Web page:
Back To Basics: Canoeing J-Stroke Vs. Goon Stroke (Video)

Which is better?

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John Langford at Voyageur Quest Outfitting demonstrates two strokes that will have your canoe traveling in a straight line—the Goon stroke and the J-stroke—and discusses the benefits of each.

What is a Goon Stroke?

The Goon Stroke—coined by canoeing legend Bill Mason—is often practiced by beginner-intermediate paddlers, because it’s the easiest stroke to get you back on course. Unlike the J-stoke, this stroke uses the opposite side of the power face of the paddle blade to make a steering motion. It is similar to the J-stroke but finishes with a small pry. Over long distances, or over time, it can be less efficient than the J-stroke and can also cause damage to your equipment if you are prying off the gunwales.

What is a J-Stroke?

The J-stroke gets its name from it’s path of motion; the paddle follows the letter “J”. It starts the same as a standard forward stroke, but towards the end, the paddle is rotated and pushed away from the canoe.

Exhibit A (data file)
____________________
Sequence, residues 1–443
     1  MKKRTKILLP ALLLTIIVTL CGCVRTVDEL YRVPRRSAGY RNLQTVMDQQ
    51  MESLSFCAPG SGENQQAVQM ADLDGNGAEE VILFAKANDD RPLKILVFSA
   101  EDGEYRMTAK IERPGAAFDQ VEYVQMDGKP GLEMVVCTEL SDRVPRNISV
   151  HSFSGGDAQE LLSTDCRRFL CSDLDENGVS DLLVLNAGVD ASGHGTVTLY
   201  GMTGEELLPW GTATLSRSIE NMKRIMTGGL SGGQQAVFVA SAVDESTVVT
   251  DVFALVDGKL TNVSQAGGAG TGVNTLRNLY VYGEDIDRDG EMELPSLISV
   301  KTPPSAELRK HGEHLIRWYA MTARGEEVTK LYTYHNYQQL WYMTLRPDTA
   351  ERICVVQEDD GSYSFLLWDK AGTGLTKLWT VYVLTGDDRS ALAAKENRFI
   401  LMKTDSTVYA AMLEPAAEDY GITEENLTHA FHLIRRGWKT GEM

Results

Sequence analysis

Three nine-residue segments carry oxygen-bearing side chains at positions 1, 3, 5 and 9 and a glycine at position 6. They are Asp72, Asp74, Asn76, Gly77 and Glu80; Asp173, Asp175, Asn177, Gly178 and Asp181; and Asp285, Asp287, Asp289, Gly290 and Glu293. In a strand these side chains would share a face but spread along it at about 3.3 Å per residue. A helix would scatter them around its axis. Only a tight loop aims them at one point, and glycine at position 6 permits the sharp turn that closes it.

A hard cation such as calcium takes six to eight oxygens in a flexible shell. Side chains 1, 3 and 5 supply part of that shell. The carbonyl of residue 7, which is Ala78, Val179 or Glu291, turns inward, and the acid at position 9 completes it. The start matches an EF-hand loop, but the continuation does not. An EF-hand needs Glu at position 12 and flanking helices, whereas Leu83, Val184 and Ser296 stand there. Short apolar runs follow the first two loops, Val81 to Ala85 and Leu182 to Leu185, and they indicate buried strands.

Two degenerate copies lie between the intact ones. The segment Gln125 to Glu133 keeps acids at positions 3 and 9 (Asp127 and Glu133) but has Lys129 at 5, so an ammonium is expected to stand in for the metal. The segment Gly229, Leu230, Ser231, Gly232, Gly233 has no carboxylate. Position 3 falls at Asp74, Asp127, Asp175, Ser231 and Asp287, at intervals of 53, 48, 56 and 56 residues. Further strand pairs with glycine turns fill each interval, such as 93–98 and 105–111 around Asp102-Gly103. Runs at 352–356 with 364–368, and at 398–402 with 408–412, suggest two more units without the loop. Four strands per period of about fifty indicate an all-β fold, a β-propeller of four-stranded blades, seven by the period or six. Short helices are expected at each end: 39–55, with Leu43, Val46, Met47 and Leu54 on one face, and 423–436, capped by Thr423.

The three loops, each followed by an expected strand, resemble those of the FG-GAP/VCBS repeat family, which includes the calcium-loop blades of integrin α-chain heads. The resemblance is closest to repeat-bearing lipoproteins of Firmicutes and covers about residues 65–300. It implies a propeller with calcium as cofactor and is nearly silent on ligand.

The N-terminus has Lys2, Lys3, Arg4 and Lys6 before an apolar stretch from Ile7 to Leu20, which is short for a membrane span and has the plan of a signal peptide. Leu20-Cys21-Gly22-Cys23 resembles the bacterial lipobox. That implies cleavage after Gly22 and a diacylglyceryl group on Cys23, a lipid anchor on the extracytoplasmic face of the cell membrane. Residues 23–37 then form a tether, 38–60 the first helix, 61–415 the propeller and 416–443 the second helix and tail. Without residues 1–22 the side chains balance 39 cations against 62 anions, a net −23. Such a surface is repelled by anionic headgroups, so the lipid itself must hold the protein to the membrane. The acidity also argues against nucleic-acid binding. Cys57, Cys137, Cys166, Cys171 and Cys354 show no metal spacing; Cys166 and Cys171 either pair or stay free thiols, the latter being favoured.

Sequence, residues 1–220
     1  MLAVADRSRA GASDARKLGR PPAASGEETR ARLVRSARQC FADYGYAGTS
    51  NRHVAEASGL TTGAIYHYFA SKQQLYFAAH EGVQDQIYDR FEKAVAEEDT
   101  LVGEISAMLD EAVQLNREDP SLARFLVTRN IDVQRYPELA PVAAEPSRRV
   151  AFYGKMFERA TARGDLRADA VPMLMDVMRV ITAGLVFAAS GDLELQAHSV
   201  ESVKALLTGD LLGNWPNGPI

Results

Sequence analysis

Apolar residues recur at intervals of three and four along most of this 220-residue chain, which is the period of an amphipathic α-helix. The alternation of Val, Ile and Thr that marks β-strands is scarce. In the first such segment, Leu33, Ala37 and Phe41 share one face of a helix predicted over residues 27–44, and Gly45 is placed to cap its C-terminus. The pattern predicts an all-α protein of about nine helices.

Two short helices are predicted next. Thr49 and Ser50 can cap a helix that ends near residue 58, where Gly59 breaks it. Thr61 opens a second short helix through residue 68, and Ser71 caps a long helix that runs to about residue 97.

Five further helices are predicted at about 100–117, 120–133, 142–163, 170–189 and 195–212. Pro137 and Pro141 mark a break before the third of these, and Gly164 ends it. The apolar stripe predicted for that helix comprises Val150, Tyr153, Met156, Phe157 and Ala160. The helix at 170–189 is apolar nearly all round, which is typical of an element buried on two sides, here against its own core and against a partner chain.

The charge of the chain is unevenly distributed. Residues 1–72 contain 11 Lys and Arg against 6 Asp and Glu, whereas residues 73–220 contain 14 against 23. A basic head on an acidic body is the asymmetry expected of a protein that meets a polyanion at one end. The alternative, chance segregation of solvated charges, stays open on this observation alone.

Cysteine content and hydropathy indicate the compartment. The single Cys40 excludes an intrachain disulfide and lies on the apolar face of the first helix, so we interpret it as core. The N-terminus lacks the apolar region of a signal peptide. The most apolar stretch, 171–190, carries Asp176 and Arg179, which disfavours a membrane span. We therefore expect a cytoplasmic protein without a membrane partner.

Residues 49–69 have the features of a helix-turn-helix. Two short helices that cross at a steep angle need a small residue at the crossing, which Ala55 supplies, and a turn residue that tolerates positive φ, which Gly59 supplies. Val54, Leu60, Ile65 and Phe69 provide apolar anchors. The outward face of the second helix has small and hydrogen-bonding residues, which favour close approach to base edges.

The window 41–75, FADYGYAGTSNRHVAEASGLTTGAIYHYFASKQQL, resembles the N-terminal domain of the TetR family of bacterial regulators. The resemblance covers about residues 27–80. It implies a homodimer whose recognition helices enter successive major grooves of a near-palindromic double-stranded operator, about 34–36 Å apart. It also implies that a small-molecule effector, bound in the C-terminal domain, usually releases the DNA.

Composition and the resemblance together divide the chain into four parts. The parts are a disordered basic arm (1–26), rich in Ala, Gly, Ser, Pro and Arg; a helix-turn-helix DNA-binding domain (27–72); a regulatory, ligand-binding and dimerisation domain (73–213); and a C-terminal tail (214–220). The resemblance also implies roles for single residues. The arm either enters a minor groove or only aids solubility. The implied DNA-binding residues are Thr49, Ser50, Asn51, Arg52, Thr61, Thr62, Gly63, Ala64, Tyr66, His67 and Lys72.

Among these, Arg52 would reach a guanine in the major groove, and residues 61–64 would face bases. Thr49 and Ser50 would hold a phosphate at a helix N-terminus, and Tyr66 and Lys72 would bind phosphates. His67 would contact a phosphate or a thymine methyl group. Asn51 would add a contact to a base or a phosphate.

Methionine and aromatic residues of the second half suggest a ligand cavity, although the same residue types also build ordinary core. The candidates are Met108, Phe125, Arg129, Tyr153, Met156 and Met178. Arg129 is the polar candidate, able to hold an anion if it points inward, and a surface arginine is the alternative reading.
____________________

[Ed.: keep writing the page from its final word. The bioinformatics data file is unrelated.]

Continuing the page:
Once you’ve planted your blade in the water to take your stroke, pull the blade back towards you alongside the canoe—your boat should move forward. At the end of your stroke, turn the wrist of your lower hand outward, so the paddle blade makes an imaginary J away from the canoe.

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  1. I’ve been canoeing 50-100 days of the year for over 45 years. I distinctly recall, at MKC in 1979, being shown the J-stroke (as opposed to the goon stroke, which I had previously called the “J-stroke”, as that’s how I was taught ask a kid.) But after hundreds of thousands of paddle-strokes, the arthritis in my wrists prevents me from doing the J-stroke now, and I am back to the goon stroke. I suspect that decades of doing the “J” contributed to this condition, although my work as an electrician and my woodworking were also likely factors.

    Has anybody else, after decades of doing the “J”, suffered this affliction and reverted to the goon? I have lost much of the range of motion of twisting my wrists, and it’s painful to do so.

  2. I caught my rafting guide buddy spinning the T-grip in his hand with every stroke while on a canoe trip in the big bend. Still utilises the efficiency of the traditional J-stroke but with less wrist fatigue. Comes in handy every once in a while.


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